I'm not familiar with hapkido, so this may simply be a technique difference, but in Taekwondo usually you don't hold the fingers perfectly straight in spear-hand strikes--you do hold the fingers rigid, but with a very slight bend so that if you do hit something too hard the fingers crumple inward in the natural direction of the joints, which doesn't really hurt much. You can still get good force out of that if you practice (holding your fingers in that position can take some getting used to), and you're at no risk of jamming your fingers.

stslavik's points about target area/purpose of the strike are good ones also.

  • This folding is how some sad fakers appear to break/smash targets with this technique - the fingertips are bent downwards and intentionally fold on impact so the second joint down the fingers is actually doing the breaking; such frauds then endanger others who underestimate the difficulty of doing it for real and mangle their fingers. That's not to say it can't work "for real", but be careful!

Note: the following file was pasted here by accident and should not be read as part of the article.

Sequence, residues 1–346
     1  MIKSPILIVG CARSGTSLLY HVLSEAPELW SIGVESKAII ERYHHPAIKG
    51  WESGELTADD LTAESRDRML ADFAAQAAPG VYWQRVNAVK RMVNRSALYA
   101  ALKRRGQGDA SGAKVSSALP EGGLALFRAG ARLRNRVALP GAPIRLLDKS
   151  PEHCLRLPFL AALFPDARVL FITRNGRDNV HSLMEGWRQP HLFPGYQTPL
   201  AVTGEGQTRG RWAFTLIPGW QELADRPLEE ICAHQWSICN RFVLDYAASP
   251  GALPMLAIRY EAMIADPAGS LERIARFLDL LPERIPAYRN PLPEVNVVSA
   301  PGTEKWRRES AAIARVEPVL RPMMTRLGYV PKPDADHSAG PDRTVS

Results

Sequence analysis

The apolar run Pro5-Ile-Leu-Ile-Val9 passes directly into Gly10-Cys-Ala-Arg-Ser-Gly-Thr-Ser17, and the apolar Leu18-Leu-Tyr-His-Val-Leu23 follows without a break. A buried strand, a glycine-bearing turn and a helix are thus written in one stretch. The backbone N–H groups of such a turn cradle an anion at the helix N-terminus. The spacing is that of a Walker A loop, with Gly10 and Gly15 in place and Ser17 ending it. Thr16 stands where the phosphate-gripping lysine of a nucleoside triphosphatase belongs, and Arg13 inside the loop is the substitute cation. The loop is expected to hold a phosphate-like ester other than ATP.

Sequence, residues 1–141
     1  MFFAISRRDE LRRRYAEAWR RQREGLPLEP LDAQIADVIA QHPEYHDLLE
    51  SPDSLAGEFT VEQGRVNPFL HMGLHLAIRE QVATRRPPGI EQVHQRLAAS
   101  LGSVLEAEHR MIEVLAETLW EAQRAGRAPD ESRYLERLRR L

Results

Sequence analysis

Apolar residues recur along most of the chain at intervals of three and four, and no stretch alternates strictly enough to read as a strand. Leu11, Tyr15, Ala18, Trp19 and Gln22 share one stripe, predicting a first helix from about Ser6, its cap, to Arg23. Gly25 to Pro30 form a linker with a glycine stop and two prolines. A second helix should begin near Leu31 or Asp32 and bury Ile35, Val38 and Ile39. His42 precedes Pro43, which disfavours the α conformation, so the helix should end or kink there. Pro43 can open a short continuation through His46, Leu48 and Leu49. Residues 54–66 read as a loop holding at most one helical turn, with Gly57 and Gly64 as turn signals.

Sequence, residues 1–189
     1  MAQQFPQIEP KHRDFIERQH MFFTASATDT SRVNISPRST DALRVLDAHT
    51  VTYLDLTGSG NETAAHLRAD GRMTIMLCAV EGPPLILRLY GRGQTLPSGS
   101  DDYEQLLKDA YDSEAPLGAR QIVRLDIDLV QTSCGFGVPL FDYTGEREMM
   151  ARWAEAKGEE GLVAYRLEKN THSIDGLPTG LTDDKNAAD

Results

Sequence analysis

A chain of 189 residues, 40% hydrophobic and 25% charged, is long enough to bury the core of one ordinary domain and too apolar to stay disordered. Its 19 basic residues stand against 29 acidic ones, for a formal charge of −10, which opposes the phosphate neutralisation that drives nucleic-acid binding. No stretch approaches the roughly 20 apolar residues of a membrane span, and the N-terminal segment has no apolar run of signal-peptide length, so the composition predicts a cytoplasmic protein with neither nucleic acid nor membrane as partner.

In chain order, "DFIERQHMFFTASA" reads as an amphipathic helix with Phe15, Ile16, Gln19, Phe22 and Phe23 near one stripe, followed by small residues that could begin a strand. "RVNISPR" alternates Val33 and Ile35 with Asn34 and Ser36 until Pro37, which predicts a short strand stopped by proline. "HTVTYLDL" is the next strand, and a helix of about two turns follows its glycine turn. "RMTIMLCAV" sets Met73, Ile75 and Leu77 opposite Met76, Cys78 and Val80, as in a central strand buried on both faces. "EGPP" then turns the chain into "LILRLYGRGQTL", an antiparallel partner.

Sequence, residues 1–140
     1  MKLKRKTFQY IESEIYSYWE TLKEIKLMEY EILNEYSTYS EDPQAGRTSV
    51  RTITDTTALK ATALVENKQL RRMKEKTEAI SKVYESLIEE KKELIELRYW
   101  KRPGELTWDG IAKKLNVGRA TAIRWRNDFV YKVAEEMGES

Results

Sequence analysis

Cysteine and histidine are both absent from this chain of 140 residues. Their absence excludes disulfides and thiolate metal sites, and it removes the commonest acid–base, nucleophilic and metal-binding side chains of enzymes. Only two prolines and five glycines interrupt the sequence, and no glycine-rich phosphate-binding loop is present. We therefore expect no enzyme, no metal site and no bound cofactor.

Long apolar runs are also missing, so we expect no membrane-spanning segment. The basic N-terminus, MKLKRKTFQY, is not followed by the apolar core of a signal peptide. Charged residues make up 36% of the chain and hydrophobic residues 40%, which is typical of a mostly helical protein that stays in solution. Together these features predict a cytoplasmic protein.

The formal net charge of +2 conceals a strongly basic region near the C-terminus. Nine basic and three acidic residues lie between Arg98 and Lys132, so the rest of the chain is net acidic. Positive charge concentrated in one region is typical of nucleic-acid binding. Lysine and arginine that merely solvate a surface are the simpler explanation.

– Tony D
    Commented May 10, 2014 at 2:53
  • This doesn't explain how the OP can practice the technique.
    – Mike P
    Commented Oct 26, 2015 at 11:11

A conditioning method Chinese fighters (used to) use, is spear-thrusting your hands into a pot/bag of beans repetitively. The idea here is to have some counter-pressure on your fingertips per strike, but not too much as it would when striking a single solid surface. Just like training muscles or bones, the fingertips grow stronger by just slightly damaging them by doing a lot of these 'bean spear thrusts'.